Within a short time, Father Francis Cambours had raised £1,000 for the ‘Mission’. A sizeable plot was bought on the corner of Stratford Road and Radcliffe Street to build a church built and presbytery.
He was succeeded by Father William Blackman, who built a church at the rear of the plot, giving onto a back alley. The church opened on Trinity Sunday 1867, and the presbytery was built in 1871.
The church was designed by the architect Gilbert Robert Blount (1819-1876). He began training as a civil engineer with Isambard Kingdom Brunel, working on the construction of the Thames Tunnel from Rotherhythe to Wapping. He was the Superintendent of Construction in 1841 and, narrowly escaped drowning during one of the many floods.
Blount changed from engineering to architecture in 1842, and was apprenticed to Anthony Salvin (1799-1881). With a resurgence of Catholic church building in England, he worked on new churches throughout England and was greatly influenced by Pugin. Blount worked independently for relatives and Catholic friends, including working as architect to Cardinal Nicholas Wiseman, Archbishop of Westminster.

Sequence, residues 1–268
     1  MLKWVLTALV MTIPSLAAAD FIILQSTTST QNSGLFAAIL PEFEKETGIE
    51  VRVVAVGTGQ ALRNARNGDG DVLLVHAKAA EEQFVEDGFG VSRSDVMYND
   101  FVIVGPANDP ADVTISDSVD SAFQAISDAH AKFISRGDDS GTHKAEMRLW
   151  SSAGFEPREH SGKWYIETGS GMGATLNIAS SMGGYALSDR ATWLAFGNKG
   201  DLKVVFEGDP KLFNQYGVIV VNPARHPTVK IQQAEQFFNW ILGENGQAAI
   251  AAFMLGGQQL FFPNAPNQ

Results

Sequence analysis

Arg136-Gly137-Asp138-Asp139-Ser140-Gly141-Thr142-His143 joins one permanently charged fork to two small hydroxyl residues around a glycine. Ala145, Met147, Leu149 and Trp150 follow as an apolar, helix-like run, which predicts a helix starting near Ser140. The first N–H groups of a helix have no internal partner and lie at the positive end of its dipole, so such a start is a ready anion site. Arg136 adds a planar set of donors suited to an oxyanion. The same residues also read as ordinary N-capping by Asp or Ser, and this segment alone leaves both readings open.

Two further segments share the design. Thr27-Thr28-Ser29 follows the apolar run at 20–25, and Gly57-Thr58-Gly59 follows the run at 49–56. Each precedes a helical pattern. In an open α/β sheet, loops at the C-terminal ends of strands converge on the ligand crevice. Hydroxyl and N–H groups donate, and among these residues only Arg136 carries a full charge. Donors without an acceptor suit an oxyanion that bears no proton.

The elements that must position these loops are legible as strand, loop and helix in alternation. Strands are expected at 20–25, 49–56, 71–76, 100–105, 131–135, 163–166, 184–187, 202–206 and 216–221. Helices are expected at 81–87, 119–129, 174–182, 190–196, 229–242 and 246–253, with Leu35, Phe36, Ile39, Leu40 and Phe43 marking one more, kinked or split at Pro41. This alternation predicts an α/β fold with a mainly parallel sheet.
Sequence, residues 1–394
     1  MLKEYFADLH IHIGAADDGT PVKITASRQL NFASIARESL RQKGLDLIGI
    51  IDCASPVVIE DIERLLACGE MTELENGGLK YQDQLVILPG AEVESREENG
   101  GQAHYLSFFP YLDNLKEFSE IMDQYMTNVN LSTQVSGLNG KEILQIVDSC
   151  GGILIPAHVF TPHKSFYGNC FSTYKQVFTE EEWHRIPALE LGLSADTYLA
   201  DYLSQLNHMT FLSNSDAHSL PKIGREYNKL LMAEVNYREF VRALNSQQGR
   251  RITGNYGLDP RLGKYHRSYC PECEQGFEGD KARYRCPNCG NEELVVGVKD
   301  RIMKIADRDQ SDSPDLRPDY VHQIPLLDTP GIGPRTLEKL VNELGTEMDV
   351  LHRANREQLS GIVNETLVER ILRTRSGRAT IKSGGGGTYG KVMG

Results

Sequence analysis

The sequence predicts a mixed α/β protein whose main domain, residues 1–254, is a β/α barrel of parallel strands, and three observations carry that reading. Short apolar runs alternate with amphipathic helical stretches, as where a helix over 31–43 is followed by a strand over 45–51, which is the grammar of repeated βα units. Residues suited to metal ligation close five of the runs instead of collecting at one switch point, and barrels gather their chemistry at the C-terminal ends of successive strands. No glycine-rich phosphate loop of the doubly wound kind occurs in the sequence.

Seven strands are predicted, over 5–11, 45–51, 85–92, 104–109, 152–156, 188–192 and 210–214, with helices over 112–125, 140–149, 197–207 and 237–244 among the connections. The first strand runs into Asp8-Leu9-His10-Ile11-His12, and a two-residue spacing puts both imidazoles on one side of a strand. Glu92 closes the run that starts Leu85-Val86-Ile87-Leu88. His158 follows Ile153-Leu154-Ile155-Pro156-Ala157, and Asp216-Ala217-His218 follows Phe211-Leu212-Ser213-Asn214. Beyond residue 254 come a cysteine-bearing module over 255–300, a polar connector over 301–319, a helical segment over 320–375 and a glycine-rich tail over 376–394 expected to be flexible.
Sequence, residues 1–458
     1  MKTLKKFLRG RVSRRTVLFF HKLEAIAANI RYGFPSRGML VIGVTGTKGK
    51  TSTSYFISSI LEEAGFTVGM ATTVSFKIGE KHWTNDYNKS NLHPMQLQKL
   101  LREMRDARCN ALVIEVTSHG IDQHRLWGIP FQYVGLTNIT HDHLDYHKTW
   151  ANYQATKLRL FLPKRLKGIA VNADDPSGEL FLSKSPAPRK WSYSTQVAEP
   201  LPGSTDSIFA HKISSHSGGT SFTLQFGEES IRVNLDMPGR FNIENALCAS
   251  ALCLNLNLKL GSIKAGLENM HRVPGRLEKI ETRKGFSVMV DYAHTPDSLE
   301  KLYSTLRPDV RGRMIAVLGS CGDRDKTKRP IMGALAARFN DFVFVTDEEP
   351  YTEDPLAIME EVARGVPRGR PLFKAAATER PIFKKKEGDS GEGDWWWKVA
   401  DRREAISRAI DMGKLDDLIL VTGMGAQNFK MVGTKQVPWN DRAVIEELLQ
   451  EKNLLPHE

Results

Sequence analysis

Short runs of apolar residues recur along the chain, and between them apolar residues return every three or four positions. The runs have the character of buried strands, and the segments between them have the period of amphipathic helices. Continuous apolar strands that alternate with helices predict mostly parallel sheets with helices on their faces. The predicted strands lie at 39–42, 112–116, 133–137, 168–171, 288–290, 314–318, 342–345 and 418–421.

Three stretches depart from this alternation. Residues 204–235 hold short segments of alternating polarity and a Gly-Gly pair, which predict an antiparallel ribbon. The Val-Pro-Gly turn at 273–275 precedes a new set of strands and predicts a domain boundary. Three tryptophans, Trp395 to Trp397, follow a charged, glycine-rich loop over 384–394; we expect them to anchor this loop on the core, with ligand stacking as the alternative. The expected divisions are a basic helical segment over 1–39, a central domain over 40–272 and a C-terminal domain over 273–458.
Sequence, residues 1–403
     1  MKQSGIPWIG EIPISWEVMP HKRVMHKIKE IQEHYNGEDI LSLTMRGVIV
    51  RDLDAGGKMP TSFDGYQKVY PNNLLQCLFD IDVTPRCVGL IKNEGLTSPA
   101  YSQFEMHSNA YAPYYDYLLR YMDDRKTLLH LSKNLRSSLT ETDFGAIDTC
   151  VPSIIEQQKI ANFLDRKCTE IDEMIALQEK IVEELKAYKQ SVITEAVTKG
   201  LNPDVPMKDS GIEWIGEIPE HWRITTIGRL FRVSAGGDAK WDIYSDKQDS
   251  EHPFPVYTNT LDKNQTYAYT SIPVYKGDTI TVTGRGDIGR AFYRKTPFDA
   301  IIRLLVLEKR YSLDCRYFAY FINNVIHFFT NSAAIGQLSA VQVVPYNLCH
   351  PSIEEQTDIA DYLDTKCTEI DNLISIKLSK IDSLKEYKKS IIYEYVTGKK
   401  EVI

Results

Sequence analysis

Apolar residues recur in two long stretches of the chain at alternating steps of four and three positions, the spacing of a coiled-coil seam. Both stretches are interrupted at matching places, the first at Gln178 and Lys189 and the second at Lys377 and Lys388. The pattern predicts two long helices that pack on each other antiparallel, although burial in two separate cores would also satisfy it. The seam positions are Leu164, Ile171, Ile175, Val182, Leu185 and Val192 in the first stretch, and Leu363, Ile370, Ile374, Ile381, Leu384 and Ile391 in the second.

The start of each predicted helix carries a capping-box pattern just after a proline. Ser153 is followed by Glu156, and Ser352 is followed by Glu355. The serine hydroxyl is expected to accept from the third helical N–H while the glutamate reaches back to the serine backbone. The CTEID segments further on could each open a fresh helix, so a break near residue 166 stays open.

One of his most notable churches is Saint Peter’s Church, Gloucester (1860-1867), designed in the Decorated Gothic style. Blount died in 1876 and was buried in the family vault at Saint James’s Church, Reading.
Blount’s church in Wolverton was built at a cost of £855. The red brick priest’s house at the front of the plot was built in 1871. The earlier plans to turn the church into a school and build a new and larger church never materialised. In time, this would become the largest parish in the Diocese of Northampton – although it is now said to be the smallest.
Saint Francis de Sales is the patron of writers and journalists, but it is not clear why he was chosen for the name of the church. Perhaps it was because of the first mission priest’s name; perhaps because 1867 was the tercentenary of the saint’s birth, and he was noted for his preaching and missionary work.
This is a small mission church and has been described as having attractive and somewhat ‘rogueish’ Gothic detail, and the interior has a remarkable recent scheme of mural decoration.